The entry of lymphocytes into normal lymph nodes occurs principally after their passage across postcapillary high endothelial venules. Nonlymphoidal tissues do not normally express high endothelial venules; however, in inflammatory rheumatic diseases associated with prominent lymphocyte accumulation (e.g., rheumatoid synovium), high endothelial venule-like structures are found and may facilitate local lymphocyte traffic. In mouse and man there are lymphocyte surface membrane homing receptors which determine lymphocyte binding to acceptor sites on lymph node high endothelial venules. The migration of lymphocytes from the circulation into inflamed nonlymphoidal tissues may be controlled by similar homing receptor mediated mechanisms.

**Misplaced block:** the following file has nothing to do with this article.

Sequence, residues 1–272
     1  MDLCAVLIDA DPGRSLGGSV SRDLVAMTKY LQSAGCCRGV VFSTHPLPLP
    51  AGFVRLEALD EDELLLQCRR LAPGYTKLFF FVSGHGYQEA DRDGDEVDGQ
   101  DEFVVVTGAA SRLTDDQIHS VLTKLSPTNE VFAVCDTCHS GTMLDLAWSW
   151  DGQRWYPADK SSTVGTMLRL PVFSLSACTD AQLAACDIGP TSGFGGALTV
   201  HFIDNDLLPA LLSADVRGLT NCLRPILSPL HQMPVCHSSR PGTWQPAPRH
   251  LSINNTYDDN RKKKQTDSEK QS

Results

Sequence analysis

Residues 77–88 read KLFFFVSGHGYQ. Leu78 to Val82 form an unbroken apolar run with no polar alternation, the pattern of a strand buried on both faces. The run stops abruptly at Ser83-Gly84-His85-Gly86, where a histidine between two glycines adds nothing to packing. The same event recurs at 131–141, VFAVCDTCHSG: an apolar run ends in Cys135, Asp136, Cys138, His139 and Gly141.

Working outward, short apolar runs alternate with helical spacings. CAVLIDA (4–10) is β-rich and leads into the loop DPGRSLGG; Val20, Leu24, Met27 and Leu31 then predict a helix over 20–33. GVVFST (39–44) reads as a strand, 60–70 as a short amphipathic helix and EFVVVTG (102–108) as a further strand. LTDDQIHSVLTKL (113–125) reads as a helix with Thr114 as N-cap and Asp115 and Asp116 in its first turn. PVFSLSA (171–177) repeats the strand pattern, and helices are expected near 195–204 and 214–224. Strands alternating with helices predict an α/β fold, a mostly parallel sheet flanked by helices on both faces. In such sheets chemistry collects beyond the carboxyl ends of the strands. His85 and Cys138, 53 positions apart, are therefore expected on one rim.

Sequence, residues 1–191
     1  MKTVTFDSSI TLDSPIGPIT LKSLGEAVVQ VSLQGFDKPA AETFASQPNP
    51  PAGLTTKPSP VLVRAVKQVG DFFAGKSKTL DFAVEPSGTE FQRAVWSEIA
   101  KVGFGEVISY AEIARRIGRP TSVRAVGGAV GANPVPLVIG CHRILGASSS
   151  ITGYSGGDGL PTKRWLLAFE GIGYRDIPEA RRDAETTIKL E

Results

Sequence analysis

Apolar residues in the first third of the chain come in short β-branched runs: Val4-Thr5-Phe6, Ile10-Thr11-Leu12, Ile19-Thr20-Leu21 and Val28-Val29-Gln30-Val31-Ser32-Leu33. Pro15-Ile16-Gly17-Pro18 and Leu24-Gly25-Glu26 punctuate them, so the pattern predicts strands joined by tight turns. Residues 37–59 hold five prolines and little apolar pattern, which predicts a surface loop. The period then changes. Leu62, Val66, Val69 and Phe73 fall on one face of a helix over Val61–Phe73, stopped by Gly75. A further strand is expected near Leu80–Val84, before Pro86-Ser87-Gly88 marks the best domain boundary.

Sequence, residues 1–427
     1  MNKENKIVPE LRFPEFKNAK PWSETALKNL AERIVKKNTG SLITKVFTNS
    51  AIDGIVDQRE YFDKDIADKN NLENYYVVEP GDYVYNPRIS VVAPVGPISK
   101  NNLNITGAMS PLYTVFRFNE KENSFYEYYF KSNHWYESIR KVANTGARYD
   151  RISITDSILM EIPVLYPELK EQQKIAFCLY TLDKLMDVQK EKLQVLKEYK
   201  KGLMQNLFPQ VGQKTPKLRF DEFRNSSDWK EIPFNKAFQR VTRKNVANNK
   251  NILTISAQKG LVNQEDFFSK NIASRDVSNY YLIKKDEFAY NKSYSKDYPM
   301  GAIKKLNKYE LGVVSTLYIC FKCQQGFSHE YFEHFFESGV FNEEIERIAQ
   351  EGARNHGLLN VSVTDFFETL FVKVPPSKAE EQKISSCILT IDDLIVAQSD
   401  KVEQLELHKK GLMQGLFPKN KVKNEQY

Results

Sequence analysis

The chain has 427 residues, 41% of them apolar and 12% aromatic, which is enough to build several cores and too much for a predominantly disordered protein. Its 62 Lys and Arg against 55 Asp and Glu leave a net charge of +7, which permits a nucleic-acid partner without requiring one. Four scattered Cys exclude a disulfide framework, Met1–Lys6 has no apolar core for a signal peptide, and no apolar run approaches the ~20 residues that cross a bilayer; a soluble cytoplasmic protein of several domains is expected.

|Number of pages||3|
|Journal||Journal of Rheumatology|
|Publication status||Published - 25 Sep 1987|
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